With DataFrames the code line looks the same. The addition ‘ignore_index’ is used to assign a new continuous index and not the index from the original object.
Pandas also allow joining possibilities with ‘Merge’, which most people are probably familiar with from SQL.
If we want to perform an inner join instead of left or right joins, we again use the Concat command with the addition ‘join = “inner”‘.
Why should you use a Pandas DataFrame?
Using Pandas Dataframes has several advantages:
- Easy data manipulation: Pandas dataframes provide an easy way to manipulate data. You can easily perform operations such as merging, grouping, and filtering data using Pandas dataframes.
- Data cleansing: Data cleansing is an important step in data analysis. Pandas Dataframes facilitate data cleansing by providing functions to handle missing values, duplicate records, and inconsistent data.
- Data Visualization: Panda’s dataframes can be easily visualized using libraries such as Matplotlib and Seaborn. You can quickly create plots, charts, and graphs to analyze data and communicate insights.
- Interoperability: Panda’s dataframes easily integrate with other data analysis tools and libraries, including NumPy, Scikit-Learn, and TensorFlow.
- Efficient memory management: Panda’s Dataframes are designed to efficiently manage memory usage, even for large datasets. The library allows data to be loaded and processed in chunks to reduce memory requirements.
- Speed: Pandas is designed to work efficiently with numerical operations on large data sets. It builds on NumPy, which is optimized for numerical operations and vectorization, making Pandas Dataframes a fast and efficient tool for data analysis.
Overall, Pandas Dataframes is a powerful tool for data analysis and manipulation, offering a wide range of features and capabilities that make working with and analyzing data easier.
What are best practices when working with Pandas DataFrames?
Here are some best practices and tips for working with a Pandas DataFrame:
- Read the documentation: Before working with a Pandas DataFrame, it is important to understand the documentation and the structure of the DataFrame.
- Data cleansing and preparation: Data cleansing is one of the most important aspects of working with a Pandas DataFrame. You should always clean and prepare the data before performing any analysis. This includes removing duplicates, dealing with missing values, and converting data types.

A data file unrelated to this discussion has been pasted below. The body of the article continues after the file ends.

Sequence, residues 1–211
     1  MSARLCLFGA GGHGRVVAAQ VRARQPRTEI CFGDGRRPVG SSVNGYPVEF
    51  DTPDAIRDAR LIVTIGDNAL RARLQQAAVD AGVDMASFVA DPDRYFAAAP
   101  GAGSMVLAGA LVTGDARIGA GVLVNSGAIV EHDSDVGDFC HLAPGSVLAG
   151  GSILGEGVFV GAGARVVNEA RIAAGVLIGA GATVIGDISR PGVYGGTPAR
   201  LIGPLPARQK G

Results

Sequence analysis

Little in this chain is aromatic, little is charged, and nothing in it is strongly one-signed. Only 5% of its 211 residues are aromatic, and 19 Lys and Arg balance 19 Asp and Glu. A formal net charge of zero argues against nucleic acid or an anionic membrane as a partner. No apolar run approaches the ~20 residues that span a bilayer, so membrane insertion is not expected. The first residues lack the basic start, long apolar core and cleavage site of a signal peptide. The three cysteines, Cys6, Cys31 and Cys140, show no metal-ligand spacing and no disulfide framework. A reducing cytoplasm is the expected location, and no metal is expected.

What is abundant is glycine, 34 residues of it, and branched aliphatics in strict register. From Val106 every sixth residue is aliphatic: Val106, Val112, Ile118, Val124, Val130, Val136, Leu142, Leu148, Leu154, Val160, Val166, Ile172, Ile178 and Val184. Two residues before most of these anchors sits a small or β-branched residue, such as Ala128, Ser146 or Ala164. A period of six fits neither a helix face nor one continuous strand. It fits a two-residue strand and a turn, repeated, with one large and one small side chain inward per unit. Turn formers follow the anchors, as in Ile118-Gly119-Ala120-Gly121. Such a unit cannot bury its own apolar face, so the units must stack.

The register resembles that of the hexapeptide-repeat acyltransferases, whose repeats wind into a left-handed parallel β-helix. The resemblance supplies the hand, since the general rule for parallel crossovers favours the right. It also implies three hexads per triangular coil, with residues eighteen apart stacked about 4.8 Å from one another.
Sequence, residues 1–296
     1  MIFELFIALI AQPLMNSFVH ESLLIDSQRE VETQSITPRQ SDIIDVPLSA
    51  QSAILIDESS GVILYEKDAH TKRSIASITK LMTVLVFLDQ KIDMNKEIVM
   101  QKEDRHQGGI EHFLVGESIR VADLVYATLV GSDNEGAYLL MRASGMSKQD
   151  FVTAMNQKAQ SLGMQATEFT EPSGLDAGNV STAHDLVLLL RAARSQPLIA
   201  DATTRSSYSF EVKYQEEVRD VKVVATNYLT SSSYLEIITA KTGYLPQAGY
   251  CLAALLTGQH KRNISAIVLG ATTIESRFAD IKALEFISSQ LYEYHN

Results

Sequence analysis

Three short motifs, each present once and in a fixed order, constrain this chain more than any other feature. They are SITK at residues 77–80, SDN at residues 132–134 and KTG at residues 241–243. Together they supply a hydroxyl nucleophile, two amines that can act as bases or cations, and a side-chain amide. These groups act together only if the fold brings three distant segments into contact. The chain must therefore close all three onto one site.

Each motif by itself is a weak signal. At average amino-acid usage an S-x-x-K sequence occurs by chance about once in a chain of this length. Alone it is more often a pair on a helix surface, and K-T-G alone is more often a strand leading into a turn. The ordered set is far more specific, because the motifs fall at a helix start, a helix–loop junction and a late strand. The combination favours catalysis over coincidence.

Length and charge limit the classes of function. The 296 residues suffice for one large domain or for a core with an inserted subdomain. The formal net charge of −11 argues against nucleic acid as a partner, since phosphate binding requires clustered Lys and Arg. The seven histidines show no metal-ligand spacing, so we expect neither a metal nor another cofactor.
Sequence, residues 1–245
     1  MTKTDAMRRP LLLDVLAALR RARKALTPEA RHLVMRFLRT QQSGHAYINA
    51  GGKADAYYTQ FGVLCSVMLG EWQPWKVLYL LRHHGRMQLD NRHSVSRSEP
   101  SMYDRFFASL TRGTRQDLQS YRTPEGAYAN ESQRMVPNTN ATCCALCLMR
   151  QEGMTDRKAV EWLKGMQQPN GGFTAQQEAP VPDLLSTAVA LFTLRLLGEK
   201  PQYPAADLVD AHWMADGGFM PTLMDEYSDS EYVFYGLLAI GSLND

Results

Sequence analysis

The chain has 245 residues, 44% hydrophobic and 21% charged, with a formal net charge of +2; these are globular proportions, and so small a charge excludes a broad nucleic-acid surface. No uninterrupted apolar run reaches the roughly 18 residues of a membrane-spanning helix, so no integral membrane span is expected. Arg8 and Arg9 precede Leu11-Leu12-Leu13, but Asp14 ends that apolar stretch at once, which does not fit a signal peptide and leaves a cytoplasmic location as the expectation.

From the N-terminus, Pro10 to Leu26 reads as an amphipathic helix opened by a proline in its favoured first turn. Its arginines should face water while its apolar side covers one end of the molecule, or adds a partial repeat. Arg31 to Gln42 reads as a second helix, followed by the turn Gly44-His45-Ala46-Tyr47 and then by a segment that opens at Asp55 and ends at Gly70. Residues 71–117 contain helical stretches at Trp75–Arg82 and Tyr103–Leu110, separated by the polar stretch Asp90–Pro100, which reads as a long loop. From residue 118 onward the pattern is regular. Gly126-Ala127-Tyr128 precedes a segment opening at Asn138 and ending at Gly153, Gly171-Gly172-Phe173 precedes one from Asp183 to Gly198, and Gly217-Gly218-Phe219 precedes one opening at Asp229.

- Indexing: Indexing is an important aspect of working with a Pandas DataFrame. You can select rows and columns using the loc and iloc functions. The loc function is used for label-based indexing, while the iloc function is used for positional indexing.
- Avoid iterating over rows: Iterating over rows in a Pandas DataFrame can be slow and inefficient. Instead, you should try to vectorize your operations and use built-in functions that are optimized for performance.
- Use groupby: The groupby function in Pandas is a powerful tool for data analysis. It allows you to group data by one or more columns and apply aggregate functions to the groups.
- Use merge and join: The merge and join functions in Pandas are used to combine data frames. With these functions you can combine data frames based on a common column or index.
- Use the apply function: The apply function in Pandas allows you to apply a function to any row or column of a data frame. This can be useful for performing custom calculations or transformations on your data.
- Use the built-in functions: Pandas has a wide range of built-in functions that are optimized for performance. You should always try to use these functions instead of writing your own custom functions.
- Keep your data types consistent: It is important that you keep your data types consistent in a Pandas DataFrame. This will ensure that your data is formatted correctly and that there are no errors.
- Use the right data structures: Pandas offers several data structures, including Series, DataFrame and Panel. You should choose the right data structure based on your data and the analysis you are performing.
This is what you should take with you
- Pandas offers many possibilities to deal with missing values. You can either delete the columns/rows in question or replace the fields with a value.
- With Pandas, we have the same join possibilities as with SQL.
Thanks to Deepnote for sponsoring this article! Deepnote offers me the possibility to embed Python code easily and quickly on this website and also to host the related notebooks in the cloud.
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- The official documentation of Pandas can be found here.
- This post is mainly based on the tutorial from Pandas. You can find it here.